One Harlemite's viewpoint: Why Rangel gets my vote
KEISHA SUTTON-JAMES | 6/27/2012, 4:03 p.m.
Additionally--and this speaks to the emotion behind voting and politics--Rangel makes me proud when he's debating. When I see him speaking out or arguing his point with conservative opponents, he articulates his opinions--and mine--with the passion and vigor that I would, were I on TV or debating in the Capitol instead of him.
OK, I got ahead of myself there--I wish I knew how to do it the way he does! He makes it a spectator sport. I can actually cheer him on, as I would the Knicks in a rare win! The point is that it feels good when my guy gets one in and wins the debate or passes legislation that will benefit my community.
For those of you who have not thought about the issues or considered his accomplishments, I am not going to use this forum to run through his legislative record. Instead, I invite you to check out his website for yourself and compare and contrast with that of each of his opponents. I think you will be interested by what you find--or don't.
What I find most interesting is the new Harlemites who are working hard to unseat Rangel. As a native Harlemite, I relish the fact that the whole world now knows what I have known my entire life: Harlem offers residents a real neighborhood--where neighborhood means community--with an incredible stock of lovely homes in close proximity to Midtown Manhattan. However, when the rest of America was too afraid to come to Harlem, Rangel was out there representing us with dignity and fighting to bring the resources that the community needs.
When my mother and I had no choice but to leave our neighborhood to do our grocery shopping, banking and movie-watching because we couldn't find quality fresh produce in our neighborhood and there were only three national bank branches between 110th and 135th streets, these now new Harlemites were sitting in their sofas in their cramped apartm ents on the Upper West Side, taking in all of the comfort and amenities it had to offer.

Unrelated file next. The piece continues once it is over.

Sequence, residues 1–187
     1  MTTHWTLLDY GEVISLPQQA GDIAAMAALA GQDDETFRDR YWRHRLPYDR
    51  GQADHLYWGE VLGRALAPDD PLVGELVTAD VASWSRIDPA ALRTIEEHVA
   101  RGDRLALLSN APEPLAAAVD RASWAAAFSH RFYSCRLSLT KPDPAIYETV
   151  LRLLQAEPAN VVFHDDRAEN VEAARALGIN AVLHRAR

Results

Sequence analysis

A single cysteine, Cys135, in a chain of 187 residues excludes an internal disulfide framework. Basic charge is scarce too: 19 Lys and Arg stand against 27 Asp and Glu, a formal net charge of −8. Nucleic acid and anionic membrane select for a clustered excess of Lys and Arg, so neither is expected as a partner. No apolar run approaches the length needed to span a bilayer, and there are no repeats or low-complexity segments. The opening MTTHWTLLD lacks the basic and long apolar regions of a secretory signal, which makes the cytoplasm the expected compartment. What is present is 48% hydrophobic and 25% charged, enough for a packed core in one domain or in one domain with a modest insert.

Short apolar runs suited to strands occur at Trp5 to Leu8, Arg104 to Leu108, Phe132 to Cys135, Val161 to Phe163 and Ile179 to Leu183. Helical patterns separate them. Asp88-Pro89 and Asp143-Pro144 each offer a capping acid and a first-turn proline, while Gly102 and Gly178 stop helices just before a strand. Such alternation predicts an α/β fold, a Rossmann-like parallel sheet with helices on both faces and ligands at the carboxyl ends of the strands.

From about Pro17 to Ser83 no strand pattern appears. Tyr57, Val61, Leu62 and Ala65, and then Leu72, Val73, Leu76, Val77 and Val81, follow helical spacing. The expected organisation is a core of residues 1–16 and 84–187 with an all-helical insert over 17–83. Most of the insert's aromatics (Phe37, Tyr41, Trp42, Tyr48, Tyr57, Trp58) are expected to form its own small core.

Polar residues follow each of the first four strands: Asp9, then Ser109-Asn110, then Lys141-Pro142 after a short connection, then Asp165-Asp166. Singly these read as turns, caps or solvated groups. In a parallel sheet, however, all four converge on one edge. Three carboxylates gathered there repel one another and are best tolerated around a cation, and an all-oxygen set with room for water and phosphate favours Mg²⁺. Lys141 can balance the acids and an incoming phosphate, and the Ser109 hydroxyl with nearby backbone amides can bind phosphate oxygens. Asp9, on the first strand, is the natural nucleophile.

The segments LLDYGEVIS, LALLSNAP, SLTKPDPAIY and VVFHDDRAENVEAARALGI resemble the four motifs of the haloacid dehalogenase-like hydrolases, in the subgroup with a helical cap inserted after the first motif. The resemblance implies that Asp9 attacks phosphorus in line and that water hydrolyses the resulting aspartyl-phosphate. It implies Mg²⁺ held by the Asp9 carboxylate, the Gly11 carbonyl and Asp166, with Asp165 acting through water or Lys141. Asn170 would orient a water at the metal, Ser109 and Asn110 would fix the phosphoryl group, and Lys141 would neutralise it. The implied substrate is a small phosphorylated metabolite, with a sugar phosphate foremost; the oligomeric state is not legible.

That was a time when Harlem was considered inhospitable to many. Not seven years ago, I had a client ask me if I went home in an armored car, because it was so unsafe in Harlem. Those who have now made Harlem their beloved home weren't coming above 96th Street for anything back then. We used to stand in front of them on the buses and trains so we could be assured a seat for the remainder of the ride home--what is now home to them they once considered a gun-riddled, cracked-out hinterland.
For better or worse, it was Rangel's empowerment zones legislation, as well as other factors, that attracted the capital that now makes Harlem a place these newcomers can and do call home. Now not only do we have banks and quality grocery stores, but Duane Reade, New York Sports Club and other retail giants have made their way uptown, making life more comfortable for many residents and attracting my new neighbors.
But somehow, these are the very same people who are most often the ones who think it is time for Rangel to retire. Instead of saying thank you, they say goodbye. I know I will get flack from friends of my own who fall in that category--a lot of them!--but I cannot deny the striking irony of this. It has to be said.
Finally, to anyone in the electorate who is reading this, I ask you to consider who is behind this movement. Who is funding it? What are their objectives? What do they stand to gain? Why do they really want Rangel to step down? To tell you the truth, I don't know all of these answers. But I am sure it is not just because "it is time."